The elephant is the national symbol of Thailand, and as such it is virtually unavoidable. I have no idea what the UK’s national symbol is, although post-Brexit I would like to propose something along the lines of an ostrich. But Thailand seems to take its symbolism seriously, so you find elephants everywhere. Elephant lamps, statues, elephants on lighters, fridge magnets and almost every piece of clothing I saw, including the ubiquitous “elephant trousers”. These are colourful, billowy, patterned trousers sold in their thousands in the area around Khao San Road, and they’re the official uniform of backpackers of all genders.
My suspicion is that, like those other crimes against fashion, Crocs, elephant trousers have flourished because they fill a comfortable niche. The loose, crotch-down-to-the-knees design makes them good for hot weather. The elephant-spattered patterns disguise travel stains and the cheap price and ubiquity means that it’s not a big deal if they vanish into the arbitrary abyss of hostel laundries.
But they just look horrible. Nothing short of a safari shirt and a pith helmet could mark a person out more as a tourist. I dislike them so much it has made it hard for me to take anyone seriously if they’re clad thus, which is ridiculous, because I’ve met and liked a dozen people on this trip who have turned out to possess a pair. My aversion to these trousers has now coloured my view of anything else decorated with elephants. I ended up going to great lengths to find an elephant-free sarong in the Night Market in Chiang Mai.
Hemingway said writers need a shock-proof shit detector. For better or worse, I was born with a hypersensitive cliché detector instead. I have such an overblown aversion to clichés that my detector tends to give me a lot of false positives.
It’s not a good thing to have. For example, it put me off travelling to Southeast Asia for years. Rightly or wrongly, it puts me off Apple products, bicycles, tattoos, Moleskine notebooks, anything ‘artisan’, Jeremy Corbyn and music festivals. It’s made me a very late, reluctant adopter of some things I actually later enjoy.
What is a cliché to me? Something which has become overburdened with stale meaning. Something that has become a box to tick, a personality accessory. Something so encrusted with common connotations it becomes impossible to know your own authentic response to it. Although, on the plus side, my dislike of cliché makes me immune to received opinions, I still know it’s unhelpful to have my behaviour dictated by avoiding rather than embracing certain things.
Even though I’ve been proved wrong on a number of occasions I still tend to make snap judgements about elephant-trouser-wearers. There’s a certain kind of traveller in Southeast Asia, especially in Thailand, who make me shudder just to look at them. They talk about ‘doing’ a place, a horrid construction which has unintended yet appropriate connotations of violation. They wear elephants on their trousers then go for rides on elephants’ backs, without educating themselves about what these poor creatures are subjected to for the sake of tourism. The hostels they patronise overflow with the sort of adolescent hedonism of freshers’ week at university. They seem to be travelling only in order to get drunk and ‘do’ one another.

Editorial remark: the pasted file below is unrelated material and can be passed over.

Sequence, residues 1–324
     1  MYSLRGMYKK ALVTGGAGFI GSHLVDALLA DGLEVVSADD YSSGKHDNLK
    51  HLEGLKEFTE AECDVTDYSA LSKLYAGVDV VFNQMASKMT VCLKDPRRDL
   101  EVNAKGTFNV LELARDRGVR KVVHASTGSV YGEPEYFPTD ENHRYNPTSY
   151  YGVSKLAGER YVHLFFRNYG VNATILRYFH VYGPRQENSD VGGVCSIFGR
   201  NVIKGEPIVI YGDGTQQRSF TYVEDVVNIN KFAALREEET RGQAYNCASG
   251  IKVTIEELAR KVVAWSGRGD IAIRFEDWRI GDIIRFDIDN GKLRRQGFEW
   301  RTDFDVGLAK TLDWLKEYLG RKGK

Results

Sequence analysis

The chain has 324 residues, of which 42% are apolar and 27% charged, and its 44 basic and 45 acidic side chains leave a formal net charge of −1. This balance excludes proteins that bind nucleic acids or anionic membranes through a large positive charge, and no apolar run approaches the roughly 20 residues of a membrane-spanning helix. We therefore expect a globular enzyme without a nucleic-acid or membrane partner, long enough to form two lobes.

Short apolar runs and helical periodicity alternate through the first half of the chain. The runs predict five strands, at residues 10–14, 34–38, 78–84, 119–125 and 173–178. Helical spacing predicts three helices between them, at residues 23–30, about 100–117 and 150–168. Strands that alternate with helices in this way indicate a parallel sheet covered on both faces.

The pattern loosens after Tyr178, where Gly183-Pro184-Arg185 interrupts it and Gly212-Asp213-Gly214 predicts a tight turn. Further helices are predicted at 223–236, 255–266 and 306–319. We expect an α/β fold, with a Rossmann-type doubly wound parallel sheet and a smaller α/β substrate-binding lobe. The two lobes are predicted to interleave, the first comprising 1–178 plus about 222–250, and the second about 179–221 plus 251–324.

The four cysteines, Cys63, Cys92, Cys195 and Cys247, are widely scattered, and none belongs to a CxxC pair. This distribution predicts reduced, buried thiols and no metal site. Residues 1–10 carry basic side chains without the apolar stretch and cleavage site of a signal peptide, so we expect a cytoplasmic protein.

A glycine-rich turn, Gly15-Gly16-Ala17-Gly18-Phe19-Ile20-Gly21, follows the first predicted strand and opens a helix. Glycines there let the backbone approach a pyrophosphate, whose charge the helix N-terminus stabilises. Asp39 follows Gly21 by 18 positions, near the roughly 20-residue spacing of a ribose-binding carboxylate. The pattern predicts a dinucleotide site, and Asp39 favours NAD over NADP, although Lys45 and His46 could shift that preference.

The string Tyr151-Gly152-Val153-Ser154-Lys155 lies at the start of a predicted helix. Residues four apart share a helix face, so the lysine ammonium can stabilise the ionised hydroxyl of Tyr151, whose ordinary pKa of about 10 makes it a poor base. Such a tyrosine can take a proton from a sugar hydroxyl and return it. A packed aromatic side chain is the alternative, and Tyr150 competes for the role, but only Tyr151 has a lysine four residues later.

Luckily these sorts of people tend to cluster together, and can easily be avoided. The one advantage to elephant trousers is that you can see these people coming (and I’m sure the local con artists feel the same way). But my mistake lies in thinking all elephant-trouser-wearers are like that. All the arses I’ve met here have worn them, but that doesn’t mean that everyone who wears those trousers is an arse.
Nevertheless it has put me off decorative elephants completely. I spent ages that night back in Chiang Mai, roaming around the huge, kaleidoscopic night market looking for elephant-free sarongs.
The night market is a fantastic place, though it’s virtually impossible to come away empty-handed. I bought far more than I intended, though as someone later pointed out I hardly spent any money in the process.
On my way out I was scolding myself for my lack of restraint when I spotted yet another interesting shop. It was like a museum, heaving with handmade, fair trade things made by different hill tribes. Each item had a hefty description of the makers’ tribe and the symbolism of the patterns and objects they produced. It was fascinating. I could have spent an absolute fortune in there. In the end I succumbed to the temptation of a gold and bubblegum pink Ganesha amulet. On my last big trip I bought a tiny brass Ganesha and made it home safely, so I was hoping to renew my contract with this wonderfully lurid piece, which is about half the size of a pack of cards:
It wasn’t until I got back to my room that I realised I had, after all, bought myself an elephant.